Sunday, June 14, 2015

Third Sunday after Pentecost

Mark 4
26 He also said, “This is what the kingdom of God is like. A man scatters seed on the ground. 27 Night and day, whether he sleeps or gets up, the seed sprouts and grows, though he does not know how. 28 All by itself the soil produces grain—first the stalk, then the head, then the full kernel in the head. 29 As soon as the grain is ripe, he puts the sickle to it, because the harvest has come.”
30 Again he said, “What shall we say the kingdom of God is like, or what parable shall we use to describe it? 31 It is like a mustard seed, which is the smallest of all seeds on earth. 32 Yet when planted, it grows and becomes the largest of all garden plants, with such big branches that the birds can perch in its shade.”
33 With many similar parables Jesus spoke the word to them, as much as they could understand. 34 He did not say anything to them without using a parable. But when he was alone with his own disciples, he explained everything.

You either love it or hate it.

You are minding your own business, watching a movie or a television show, and suddenly someone looks directly at the camera and begins speaking. Or maybe the character says nothing, and simply looks in the direction of the audience. In dramatic terms, the fourth wall has been breached.

Woody Allen did it in Annie Hall. Frank Underwood regularly speaks to the audience in House of Cards. And in the seemingly new genre called the mockumentary (The Office, Modern Family) characters add commentary to the unfolding story, pausing to speak to documentarian who remains off-screen. And, of course, I need to mention The Wonder Years, breaking ground as a family comedy narrated by a grown-up version of the lead character himself.

The fourth wall, then, is the imaginary wall between the stage and the audience. Most often it remains intact, with the audience content to watch the drama unfold with all the the necessary amounts of suspended belief. But every once in a while—and to great effect—the audience is drawn into the story.

In Shakespeare’s day, you might find actors in the audience, perhaps chasing another character onto the stage. Maybe an actor would speak an aside to the audience, mocking another member of the cast. You might even find a character enlisting the help of a member of audience in some way, like hiding a prop that’s part of the story.[1]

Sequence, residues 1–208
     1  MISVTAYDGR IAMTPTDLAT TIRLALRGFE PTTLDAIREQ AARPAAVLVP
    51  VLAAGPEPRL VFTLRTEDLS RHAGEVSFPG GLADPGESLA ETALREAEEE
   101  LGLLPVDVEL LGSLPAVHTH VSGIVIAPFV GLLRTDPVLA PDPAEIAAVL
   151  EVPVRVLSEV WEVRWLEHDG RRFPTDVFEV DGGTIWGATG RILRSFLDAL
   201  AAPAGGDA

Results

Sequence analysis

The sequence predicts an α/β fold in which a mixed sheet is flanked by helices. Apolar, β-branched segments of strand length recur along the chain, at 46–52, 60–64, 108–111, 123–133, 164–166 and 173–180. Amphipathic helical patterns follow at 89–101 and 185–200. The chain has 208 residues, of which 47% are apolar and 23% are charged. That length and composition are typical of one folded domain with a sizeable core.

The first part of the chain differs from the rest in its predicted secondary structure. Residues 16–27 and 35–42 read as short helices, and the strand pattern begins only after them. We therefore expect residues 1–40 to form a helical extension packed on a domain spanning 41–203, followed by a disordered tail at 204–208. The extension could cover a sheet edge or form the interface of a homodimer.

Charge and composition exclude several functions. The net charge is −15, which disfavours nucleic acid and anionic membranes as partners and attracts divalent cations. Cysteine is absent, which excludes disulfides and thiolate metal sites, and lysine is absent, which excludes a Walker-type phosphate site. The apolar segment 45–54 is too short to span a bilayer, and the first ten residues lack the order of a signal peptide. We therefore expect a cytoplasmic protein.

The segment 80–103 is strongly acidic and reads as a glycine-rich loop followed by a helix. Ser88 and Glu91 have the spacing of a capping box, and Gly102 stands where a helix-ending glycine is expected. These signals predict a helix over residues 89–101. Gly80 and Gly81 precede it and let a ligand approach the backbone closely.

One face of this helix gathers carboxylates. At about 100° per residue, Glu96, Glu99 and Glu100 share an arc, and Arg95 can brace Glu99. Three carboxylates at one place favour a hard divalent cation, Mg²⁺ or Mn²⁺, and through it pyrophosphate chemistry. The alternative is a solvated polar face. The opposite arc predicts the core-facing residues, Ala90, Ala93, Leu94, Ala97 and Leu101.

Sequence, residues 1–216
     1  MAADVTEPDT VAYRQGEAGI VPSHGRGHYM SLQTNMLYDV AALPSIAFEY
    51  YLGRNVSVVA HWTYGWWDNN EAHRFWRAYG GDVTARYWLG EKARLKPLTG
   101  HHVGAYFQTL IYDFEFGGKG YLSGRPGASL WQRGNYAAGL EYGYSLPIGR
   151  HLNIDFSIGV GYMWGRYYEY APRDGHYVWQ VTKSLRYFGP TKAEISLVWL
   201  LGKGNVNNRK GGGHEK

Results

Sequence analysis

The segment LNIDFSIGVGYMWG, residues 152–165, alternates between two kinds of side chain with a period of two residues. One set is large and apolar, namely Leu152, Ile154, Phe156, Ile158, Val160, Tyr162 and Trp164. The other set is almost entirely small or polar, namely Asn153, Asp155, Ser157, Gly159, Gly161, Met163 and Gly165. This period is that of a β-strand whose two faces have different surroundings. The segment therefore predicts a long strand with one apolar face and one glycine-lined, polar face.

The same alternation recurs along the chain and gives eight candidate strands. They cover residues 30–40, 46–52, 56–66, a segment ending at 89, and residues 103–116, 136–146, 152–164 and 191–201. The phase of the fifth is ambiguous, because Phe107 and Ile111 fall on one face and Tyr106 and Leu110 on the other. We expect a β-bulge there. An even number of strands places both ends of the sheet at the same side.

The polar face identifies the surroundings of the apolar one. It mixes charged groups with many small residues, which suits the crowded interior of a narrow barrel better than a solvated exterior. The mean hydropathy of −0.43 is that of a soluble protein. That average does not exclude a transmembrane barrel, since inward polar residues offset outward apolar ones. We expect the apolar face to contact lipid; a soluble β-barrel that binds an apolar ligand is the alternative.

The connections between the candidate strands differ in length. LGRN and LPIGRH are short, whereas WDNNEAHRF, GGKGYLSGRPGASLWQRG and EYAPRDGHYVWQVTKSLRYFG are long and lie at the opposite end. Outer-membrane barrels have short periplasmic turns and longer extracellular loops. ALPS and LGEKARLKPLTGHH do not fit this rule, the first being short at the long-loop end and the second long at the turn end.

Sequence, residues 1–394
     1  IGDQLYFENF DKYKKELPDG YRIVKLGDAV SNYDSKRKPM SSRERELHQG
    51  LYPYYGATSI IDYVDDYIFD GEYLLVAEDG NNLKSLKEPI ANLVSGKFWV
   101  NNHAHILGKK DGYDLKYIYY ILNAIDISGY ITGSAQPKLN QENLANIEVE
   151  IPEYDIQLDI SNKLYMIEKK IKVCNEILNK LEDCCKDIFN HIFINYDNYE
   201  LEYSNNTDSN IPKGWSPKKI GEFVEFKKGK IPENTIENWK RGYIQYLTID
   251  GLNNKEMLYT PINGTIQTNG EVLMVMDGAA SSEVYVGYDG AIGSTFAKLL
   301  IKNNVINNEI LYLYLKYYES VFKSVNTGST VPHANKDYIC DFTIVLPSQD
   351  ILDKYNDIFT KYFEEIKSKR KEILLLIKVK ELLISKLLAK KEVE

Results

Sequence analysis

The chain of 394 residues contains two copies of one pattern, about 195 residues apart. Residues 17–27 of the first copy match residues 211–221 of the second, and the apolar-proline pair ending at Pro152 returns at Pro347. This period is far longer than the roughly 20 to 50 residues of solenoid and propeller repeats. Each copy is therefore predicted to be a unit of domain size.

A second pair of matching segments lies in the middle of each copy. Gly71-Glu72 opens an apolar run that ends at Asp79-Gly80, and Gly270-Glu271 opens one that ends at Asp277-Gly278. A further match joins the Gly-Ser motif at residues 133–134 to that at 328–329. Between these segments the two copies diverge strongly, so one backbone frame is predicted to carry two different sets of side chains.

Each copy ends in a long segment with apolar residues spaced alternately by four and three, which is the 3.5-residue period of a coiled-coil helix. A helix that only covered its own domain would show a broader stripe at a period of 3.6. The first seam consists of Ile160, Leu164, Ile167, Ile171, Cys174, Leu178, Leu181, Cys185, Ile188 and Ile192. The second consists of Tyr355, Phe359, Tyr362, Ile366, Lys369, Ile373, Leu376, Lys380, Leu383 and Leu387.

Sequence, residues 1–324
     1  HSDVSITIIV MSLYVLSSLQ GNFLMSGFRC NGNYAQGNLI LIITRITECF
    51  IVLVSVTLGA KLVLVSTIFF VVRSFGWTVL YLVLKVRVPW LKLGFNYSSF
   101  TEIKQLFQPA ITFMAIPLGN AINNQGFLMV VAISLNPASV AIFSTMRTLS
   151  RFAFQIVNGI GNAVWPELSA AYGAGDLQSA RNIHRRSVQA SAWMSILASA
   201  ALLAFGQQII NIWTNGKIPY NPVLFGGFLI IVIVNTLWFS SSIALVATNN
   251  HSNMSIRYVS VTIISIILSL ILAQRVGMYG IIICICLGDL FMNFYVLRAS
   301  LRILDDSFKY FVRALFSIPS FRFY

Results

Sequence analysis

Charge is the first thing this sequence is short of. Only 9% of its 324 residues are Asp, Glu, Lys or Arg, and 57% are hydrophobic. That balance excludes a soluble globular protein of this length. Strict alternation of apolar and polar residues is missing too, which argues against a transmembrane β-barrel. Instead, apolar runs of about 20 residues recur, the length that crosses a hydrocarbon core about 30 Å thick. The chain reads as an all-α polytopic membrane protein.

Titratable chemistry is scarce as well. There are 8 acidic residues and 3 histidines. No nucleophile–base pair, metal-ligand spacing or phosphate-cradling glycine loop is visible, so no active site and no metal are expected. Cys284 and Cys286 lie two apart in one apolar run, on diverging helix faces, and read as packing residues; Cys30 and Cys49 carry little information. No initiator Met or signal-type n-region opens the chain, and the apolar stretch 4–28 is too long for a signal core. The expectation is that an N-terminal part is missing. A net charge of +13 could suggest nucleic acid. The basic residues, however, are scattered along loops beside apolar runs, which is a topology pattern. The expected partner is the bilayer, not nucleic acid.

And, of course, this doesn’t begin with Shakespeare. It can be found in Greek drama and literature, and it can be found in the Bible. In the passage Sylvia read for us we find a prime example, verses 33 and 34:

With many similar parables Jesus spoke the word to them, as much as they could understand. He did not say anything to them without using a parable. But when he was alone with his own disciples, he explained everything.

We’ll unpack Mark’s aside in moment, and try to understand where it fits in the unfolding story of Jesus, but first we need to look at this idea of breaking the fourth wall in the Bible. Why do it? And what does it achieve? And what do we learn through the words that are addressed to the reader rather than the participants in the story?

The first reason would be to teach. Readers are students, and as we follow the story there will inevitably be details or concepts that are lost on the reader. And if these are lost on the first readers, from the same time and the same culture, how much more will they be lost on us? So the aside is a tool to help both present and future readers understand. Mark 7 provides a perfect example:

17 After he had left the crowd and entered the house, his disciples asked him about this parable. 18 “Are you so dull?” he asked. “Don’t you see that nothing that enters a person from the outside can defile them? 19 For it doesn’t go into their heart but into their stomach, and then out of the body.” (In saying this, Jesus declared all foods clean.)

In Jesus’ most scatological of stories, Mark is trying to preserve the exchange between the master and students, but obviously lacks confidence that the full implications of the parable will be clear to the audience. “In saying this...” becomes a lesson for the next generation of students, and for us, wherever we number in the generations.[2]

Another purpose is to admonish, or warn the reader—in case you are taking the story too lightly. Various illustrations are literally life-and-death for the reader, and sometimes Mark seems to be unconvinced that his readers understand the gravity of the information being relayed. Listen to Mark 13: